Virginia head coach
Mike London (6th year at Virginia, 8th overall) – London, 54, led Richmond (his alma mater) to the 2008 FCS national championship, the first of a successful two-year run that saw the Spiders win 24 games.
That propelled the former Virginia defensive coordinator into the job with the Cavaliers, where he replaced Al Groh in 2010. By year two, London led Virginia to an 8-5 season. But it’s been downhill since then. The Cavaliers have lost 28 of their last 39 games under London, although they did go from two victories in 2013 to five last year.
• FS-Quin Blanding (Soph.) – The ACC’s defensive rookie of the year (123 tackles, six PBU, three interceptions) was the only freshman in the country to lead his team in tackles. He was second among all tacklers in the conference. He had 10 tackles in the opener against UCLA.
• CB-Maurice Canady (Sr.) – Forms the other half of the one-two secondary punch with Blanding. A third-team all-ACC selection as a strong safety before moving to cornerback. Top ball-hawk in Cavalier secondary with three interceptions and 12 passes broken up in ’14.
• DT-David Dean (Sr.) – Top run-stuffer along Virginia’s defensive line with a team-high-returning eight stops behind the line of scrimmage. Second highest tackle total (40) among returning defensive players. Equaled his sack total of ’14 in the season-opener against UCLA. Lone captain on the defensive side of the football.
• QB-Matt Johns (Jr.) – The 6-foot-5, 210-pounder played a solid game in Virginia’s season-opening loss to UCLA, completing 21-of-35 for 238 yards with a late touchdown toss to RB Taquan Mizzell and an interception. Shared the job with Greyson Lambert last year, but won the job in the spring, which prompted Lambert’s transfer to Georgia. Johns completed a modest 54.9 percent of his 162 passes in ’14 with an 8-to-5 touchdown-to-interception ratio. Enters the game with four career starts.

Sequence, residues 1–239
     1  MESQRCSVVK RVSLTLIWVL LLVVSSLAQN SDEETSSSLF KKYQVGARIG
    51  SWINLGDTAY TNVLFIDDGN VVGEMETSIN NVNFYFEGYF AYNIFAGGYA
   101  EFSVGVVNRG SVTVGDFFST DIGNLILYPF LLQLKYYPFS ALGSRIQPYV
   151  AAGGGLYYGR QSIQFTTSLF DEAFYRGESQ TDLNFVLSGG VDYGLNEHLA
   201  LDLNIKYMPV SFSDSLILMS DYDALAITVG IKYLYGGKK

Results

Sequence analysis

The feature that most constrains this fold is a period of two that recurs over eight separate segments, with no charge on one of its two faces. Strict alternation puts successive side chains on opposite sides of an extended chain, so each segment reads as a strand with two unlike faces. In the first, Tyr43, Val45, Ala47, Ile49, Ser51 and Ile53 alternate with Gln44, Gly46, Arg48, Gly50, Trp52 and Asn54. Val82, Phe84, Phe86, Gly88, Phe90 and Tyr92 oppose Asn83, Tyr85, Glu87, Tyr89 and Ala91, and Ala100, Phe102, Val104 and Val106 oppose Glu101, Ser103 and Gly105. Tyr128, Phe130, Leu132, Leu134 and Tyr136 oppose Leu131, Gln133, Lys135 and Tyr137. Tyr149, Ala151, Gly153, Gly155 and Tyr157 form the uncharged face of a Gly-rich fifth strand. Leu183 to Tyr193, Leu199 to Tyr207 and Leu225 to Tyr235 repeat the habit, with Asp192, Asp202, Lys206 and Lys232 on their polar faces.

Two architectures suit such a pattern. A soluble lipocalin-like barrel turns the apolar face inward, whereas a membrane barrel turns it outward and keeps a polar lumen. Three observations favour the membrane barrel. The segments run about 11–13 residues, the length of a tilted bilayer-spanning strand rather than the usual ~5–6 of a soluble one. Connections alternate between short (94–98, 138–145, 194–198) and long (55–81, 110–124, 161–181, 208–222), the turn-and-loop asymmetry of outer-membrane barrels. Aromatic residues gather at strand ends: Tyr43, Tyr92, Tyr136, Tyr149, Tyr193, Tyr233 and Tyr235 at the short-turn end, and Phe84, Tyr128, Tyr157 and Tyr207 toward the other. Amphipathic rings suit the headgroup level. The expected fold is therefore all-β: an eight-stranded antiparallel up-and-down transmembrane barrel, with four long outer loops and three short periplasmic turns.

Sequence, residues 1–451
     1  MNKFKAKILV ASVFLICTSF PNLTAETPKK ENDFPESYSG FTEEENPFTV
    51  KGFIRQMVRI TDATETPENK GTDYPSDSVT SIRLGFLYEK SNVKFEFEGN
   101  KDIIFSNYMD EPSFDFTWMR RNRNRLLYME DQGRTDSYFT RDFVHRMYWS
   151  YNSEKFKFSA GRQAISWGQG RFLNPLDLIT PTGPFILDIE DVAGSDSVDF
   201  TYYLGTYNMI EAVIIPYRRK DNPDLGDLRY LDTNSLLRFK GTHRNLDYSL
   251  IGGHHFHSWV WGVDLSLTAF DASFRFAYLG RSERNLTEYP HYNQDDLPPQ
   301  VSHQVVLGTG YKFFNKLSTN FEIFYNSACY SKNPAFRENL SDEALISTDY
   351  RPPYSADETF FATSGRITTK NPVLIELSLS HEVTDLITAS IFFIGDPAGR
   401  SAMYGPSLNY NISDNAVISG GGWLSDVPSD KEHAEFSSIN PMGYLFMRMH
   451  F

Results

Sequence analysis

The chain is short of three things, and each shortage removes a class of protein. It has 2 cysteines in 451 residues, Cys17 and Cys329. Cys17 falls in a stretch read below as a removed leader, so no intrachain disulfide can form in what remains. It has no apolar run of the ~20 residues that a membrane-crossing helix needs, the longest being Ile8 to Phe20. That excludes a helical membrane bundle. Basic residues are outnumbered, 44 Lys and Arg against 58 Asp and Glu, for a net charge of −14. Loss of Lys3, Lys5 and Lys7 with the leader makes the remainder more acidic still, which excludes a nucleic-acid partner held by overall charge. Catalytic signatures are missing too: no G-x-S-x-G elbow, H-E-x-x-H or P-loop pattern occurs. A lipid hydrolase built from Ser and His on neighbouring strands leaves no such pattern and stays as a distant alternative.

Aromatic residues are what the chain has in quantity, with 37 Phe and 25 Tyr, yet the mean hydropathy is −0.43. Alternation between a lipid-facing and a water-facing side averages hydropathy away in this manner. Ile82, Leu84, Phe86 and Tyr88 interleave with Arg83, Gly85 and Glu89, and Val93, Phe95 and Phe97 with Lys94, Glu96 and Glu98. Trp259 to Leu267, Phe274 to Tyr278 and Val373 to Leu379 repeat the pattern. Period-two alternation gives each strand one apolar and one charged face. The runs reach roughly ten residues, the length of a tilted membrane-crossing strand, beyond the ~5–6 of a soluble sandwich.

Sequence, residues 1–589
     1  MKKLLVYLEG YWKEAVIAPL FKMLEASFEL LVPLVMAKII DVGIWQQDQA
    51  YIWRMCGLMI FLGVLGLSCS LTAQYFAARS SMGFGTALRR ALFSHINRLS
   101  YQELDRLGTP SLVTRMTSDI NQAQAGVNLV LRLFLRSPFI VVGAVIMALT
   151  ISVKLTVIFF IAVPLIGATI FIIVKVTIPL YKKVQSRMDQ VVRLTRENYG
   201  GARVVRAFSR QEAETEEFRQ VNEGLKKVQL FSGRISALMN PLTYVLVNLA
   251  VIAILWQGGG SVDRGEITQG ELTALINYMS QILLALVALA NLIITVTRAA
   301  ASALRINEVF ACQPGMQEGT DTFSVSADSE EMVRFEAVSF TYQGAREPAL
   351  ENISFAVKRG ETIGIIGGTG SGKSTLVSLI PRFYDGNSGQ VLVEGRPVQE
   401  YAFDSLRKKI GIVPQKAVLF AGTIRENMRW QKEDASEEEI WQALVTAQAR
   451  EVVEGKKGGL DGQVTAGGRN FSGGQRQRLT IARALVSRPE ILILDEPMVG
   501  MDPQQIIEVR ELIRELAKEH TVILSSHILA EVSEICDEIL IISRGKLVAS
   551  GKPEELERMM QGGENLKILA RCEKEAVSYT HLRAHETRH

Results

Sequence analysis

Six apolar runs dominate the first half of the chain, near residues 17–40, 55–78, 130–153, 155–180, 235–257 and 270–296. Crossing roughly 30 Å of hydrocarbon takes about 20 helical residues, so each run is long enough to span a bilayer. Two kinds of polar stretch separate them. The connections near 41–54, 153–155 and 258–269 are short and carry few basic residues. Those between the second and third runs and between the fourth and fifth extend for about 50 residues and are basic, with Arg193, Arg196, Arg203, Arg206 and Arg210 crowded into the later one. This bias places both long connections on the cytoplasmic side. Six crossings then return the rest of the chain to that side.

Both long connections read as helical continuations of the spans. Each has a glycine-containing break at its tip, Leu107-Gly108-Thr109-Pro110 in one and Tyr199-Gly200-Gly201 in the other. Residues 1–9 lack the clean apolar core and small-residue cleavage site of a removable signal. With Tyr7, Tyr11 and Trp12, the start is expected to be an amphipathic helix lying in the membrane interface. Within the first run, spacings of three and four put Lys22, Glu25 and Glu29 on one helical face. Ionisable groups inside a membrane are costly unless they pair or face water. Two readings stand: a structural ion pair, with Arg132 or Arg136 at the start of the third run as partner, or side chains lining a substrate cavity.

• RB-Taquan Mizzell (Soph.) – Has been a greater threat in the passing game than as a runner. Caught 39 passes last year for 271 yards while gaining 280 on the ground with one touchdown and a long run of 16 yards. Managed just 45 yards on 16 carries last week against UCLA, but scored Virginia’s only touchdown on a 19-yard reception late in the game. Caught eight passes for 100 yards against the Bruins.
• K-Ian Frye (Sr.) – A real weapon for the Cavaliers with 22-of-27 field goals in ’14, including 5-of-7 from 40-49 yards. Got off to a fast start last weekend with a 3-of-3 effort, including a 42-yarder.
What Virginia does well
• Defensive line play: This is one of the best units up front that the Irish will play in 2015. Defensive end Mike Moore (son of former Cavs QB Shawn Moore, who played against the Irish in ’89), and tackles David Dean, Andrew Brown and Donte Wilkins form a barrier up front that helped Virginia finish 18th in rush defense (120.7 ypg.), 28th in total defense (353.2 ypg.) and 32nd in scoring defense (24.1 ppg.), the latter of which was a 9.2-point improvement per game.